THE African Development Bank (AfDB) says its Technologies for African Agricultural Transformation programme would benefit 40 million farmers in the next five years, adding 120 million tonnes into the continent’s food basket.

Since the launch of the Technologies for African Agricultural Transformation programme in 2018, the project has been implemented by 28 countries while four more are in the process of joining the programme.

“The Technologies for African Agricultural Transformation (TAAT) programme has set the ambitious target of reaching 40 million farmers in the next five years and adding 120 million tonnes of additional foodstuffs in the African food basket, valued between US$1,5 billion to $2,8 billion,” said the regional bank.

AfDB said the overall goal of TAAT was to radically transform African agriculture into a competitive sector by deploying high-impact, proven agricultural technologies to raise agricultural productivity in Africa. The programme is also aimed at mitigating risks and promote diversification and processing in 18 agricultural value chains within eight priority intervention areas that include self-sufficiency in rice production, cassava intensification food and nutrition security in the Sahel, this, transforming African savannahs into breadbaskets, expanding horticulture, increasing Africa’s wheat output and achieving self-sufficiency in inland fish farming.

“Within two years, TAAT has recorded successes in bringing the latest technologies to African farmers at scale — enabling them to increase yields and improve their livelihoods,” said the regional financier.

It said success stories of the TAAT project have been recorded in countries such as Ethiopia, Zambia, Zimbabwe and Sudan.

In Zambia, for instance, where the fall armyworm is threatening food supplies and farmers’ incomes, the bank is working with the Zambian government, seed companies and community leaders to distribute pesticide-treated and drought-tolerant wheat, maize and sorghum to farmers.

“All crop varieties have the potential to triple crop yields —compared to ordinary varieties— if managed well and by using fertilizers.

“The anti-fall armyworm efforts have become so successful that Zambian authorities are making TAAT-funding a line item in the budget for Zambia’s Food Input Subsidy Programme,” it said.

“Since 2018, TAAT has provided Zambia with more than 28 000 liters of chemical used to treat close to 5 000 tonnes of seed that resists fall armyworm infestation. Almost half-a-million Zambian farmers have benefited from the treated seed.”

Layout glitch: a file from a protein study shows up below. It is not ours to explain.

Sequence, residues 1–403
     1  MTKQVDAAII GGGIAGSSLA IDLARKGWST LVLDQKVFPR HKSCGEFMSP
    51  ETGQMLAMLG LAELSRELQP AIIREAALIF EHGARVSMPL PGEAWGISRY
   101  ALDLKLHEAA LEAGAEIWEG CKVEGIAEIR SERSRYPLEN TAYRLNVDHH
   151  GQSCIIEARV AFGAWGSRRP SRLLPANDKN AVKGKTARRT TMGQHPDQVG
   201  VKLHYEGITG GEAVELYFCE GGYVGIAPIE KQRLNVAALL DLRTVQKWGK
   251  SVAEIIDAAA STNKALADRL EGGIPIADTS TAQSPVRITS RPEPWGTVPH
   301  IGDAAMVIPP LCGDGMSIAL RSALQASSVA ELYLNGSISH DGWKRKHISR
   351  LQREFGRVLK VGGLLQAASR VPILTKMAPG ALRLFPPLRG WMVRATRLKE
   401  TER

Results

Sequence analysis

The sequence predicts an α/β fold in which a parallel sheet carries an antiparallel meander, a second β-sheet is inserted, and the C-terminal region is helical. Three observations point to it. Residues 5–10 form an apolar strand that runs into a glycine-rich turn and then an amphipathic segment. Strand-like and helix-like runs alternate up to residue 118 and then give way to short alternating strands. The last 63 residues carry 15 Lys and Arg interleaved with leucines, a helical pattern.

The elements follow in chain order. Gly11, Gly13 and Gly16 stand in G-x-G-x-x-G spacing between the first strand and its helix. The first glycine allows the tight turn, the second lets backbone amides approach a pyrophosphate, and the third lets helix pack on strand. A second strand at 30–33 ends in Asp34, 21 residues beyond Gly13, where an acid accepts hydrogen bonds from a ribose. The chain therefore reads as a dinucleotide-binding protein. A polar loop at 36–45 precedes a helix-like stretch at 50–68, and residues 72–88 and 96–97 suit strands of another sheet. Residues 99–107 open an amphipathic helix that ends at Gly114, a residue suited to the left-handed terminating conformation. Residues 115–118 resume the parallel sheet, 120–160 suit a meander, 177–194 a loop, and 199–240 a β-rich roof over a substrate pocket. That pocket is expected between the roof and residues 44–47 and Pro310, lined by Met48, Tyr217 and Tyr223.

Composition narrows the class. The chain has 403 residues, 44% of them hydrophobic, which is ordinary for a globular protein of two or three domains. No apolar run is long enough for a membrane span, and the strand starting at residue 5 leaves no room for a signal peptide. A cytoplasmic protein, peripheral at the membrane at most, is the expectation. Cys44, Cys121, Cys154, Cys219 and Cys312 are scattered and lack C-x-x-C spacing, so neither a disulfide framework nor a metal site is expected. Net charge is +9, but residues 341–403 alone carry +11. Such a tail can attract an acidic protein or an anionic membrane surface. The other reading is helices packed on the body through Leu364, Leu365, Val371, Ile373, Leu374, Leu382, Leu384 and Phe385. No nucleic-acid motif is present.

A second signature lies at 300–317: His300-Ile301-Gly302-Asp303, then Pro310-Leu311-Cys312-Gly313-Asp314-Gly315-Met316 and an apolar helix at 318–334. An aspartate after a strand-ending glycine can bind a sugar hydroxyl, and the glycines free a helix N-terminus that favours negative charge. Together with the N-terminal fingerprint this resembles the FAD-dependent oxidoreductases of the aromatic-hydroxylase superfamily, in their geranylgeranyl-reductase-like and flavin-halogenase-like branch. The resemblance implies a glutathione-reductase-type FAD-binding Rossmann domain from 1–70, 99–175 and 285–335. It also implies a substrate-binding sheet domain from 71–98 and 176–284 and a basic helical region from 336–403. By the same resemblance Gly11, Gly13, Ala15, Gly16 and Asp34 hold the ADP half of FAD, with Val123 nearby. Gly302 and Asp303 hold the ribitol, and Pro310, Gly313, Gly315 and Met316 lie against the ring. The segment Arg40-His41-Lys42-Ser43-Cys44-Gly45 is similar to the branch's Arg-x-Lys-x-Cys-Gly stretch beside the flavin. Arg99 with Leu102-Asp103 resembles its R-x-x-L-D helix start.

AfDB said in Zimbabwe, where some 70 percent of Zimbabweans rely on agriculture —a sector that contracted last year due to drought, a cyclone and pest infestation — TAAT has paid for the fall armyworm pesticides used to treat 1 655 tonnes of drought-tolerant maize seeds.

Since 2018, more than 165 500 smallholder farmers benefited from the treated seed.

“Zimbabwe intends to leverage TAAT to reach more farmers, as well as drive public private partnerships and attract anchor investment,” it said.

In Sudan, TAAT has trained more than 1 400 farmers and stakeholders —almost half of them women and youth, whose wheat yield increased from 2,5 tonnes to five tonnes per hectare. The initiative has also increased Sudan’s wheat growing area.

TAAT is partnering with the private sector to produce 45 000 tonnes of seed — enough to cover all of Sudan’s targeted wheat production areas with high yielding, heat-tolerant wheat.

The bank noted that agriculture is a key source of livelihood for millions of Africans.

“However, the sector is yet to prove its mettle in a region that is blessed with the highest area of arable uncultivated land in the world and huge agricultural growth potential.

“Despite huge agricultural potential, African countries are yet to reap multiple benefits from it, experiencing one of the highest prevalence of undernourishment in the world.

“Out of about 795 million people suffering from chronic undernourishment globally, 220 million live in Africa,” it said